He arrived anxiously to the office but today, Ana who was his manager had a different and delightful approach to Cenk.
“We have a new project and we’ve got new patents and we’re testing them out. They’ll be costing about $1, 000-2, 000 and we’re hoping to place them for more than 2 years. That should be enough time to pay itself,” Ana informed Cenk and left to instruct his co-workers.
Cenk had no idea what she was informing about but she had told him to find the total costs of the equipment and places to implement them around the substation. The radius of 30 square miles which covered Cenk’s neighborhood would soon be implemented by these “equipment”. There were also options for cheaper developing neighborhoods with the equipment.
He read the patent details, “Polymeric Material- 5cm above the street level”. Cenk was becoming more interested and curious about what he was working with. He had to do this for the next few years by analyzing costs, effectiveness, electricity income, and profits.
Not only utility companies such as KCP&L were trying these out, other companies who wanted to sell energy back or offset electricity costs were testing it out. This was something huge and had potential and Cenk wondered what could it be.
During the next week of Cenk’s commute to work and back, he realized there were more speed bumps than ever. There were no alternate paths and came to the conclusion that he had to endure the pain and go through. But this time there were something different about the bumps. They were shaped a bit more rigid than the conventional bumps that cost about $2,748 each. Basically, they had large mechanisms and electromagnetic generators under the roads. Soon they were about to be implanted into the road until the end of time.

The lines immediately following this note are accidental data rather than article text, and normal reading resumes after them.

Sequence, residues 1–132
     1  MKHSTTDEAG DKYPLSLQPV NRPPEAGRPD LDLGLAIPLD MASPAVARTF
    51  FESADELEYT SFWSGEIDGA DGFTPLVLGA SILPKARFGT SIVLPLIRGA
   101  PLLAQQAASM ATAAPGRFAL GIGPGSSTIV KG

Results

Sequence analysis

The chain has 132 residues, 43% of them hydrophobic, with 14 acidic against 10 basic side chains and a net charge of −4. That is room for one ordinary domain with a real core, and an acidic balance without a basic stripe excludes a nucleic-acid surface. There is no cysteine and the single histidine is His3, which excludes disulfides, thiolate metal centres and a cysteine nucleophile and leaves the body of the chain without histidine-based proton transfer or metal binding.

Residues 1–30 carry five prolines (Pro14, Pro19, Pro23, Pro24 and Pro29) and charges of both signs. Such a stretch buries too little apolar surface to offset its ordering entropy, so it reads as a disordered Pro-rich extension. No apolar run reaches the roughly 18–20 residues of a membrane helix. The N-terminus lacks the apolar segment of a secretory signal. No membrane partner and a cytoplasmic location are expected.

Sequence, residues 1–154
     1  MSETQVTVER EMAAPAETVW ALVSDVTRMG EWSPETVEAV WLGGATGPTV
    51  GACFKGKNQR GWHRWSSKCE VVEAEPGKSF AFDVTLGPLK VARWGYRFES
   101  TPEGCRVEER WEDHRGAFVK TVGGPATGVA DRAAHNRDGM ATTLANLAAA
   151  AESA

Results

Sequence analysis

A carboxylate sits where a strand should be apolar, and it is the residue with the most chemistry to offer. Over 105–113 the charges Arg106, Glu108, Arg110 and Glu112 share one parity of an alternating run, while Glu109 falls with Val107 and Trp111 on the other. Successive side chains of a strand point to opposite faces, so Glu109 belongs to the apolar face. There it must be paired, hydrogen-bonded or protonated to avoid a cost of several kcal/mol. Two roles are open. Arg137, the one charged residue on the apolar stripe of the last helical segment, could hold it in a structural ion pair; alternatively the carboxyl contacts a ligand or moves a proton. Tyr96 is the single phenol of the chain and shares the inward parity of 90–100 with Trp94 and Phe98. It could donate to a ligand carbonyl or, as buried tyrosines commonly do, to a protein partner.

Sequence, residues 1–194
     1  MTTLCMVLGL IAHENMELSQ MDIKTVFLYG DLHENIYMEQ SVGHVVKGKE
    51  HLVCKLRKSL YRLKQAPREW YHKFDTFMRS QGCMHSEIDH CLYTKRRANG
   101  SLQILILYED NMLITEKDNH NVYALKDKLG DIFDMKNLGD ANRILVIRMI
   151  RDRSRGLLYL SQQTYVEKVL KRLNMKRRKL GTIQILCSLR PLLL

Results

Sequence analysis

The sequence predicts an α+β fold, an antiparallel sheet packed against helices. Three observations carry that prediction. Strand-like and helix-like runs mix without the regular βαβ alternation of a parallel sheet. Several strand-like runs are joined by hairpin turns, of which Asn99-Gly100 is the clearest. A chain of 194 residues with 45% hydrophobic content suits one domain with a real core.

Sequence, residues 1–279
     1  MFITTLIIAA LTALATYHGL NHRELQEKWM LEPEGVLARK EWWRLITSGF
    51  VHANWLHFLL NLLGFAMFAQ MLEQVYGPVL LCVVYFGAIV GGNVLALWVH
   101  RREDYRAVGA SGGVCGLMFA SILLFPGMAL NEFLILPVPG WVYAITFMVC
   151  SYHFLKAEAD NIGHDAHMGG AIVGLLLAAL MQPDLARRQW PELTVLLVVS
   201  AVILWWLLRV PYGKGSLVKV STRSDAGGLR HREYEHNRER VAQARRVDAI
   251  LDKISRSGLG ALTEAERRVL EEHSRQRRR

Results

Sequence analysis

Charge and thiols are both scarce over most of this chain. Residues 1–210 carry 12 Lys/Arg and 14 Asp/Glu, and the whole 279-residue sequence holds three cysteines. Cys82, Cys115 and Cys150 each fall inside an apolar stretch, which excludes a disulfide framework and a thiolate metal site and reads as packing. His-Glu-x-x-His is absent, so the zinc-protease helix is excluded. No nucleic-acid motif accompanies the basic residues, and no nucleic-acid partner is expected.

At the intersection a few streets away from his house, there were four construction workers that blocked the shortest route to his house. Cenk was dumbstruck for a few seconds which felt like an eternity for him. Finally, the construction worker switched his stop sign to let him through through the alternative route.
“Are you kidding me? How many more are you going to plant these on the roads? These bumps are a waste of my money, your money, and we’re wasting precious fuel and time just to get over these!” Cenk complained with his window rolled down to the construction worker letting him through.
“Sir, another four of these ramps could generate enough electricity to power all the street and intersection lights for a mile long,” the worker patiently replied.
He didn’t have any more patience for the worker. As a result, he didn’t reply to the worker and sped off as fast as he could.
For one thing, everyone hated speed bumps. No matter what car you drove, it would drop your fuel consumption to 30.85mpg if speeds dropped to 20 from 30mph. This could also increase CO2 emissions by 10%, so if they don’t want people to drive dangerously than we’ll need to cause pollution.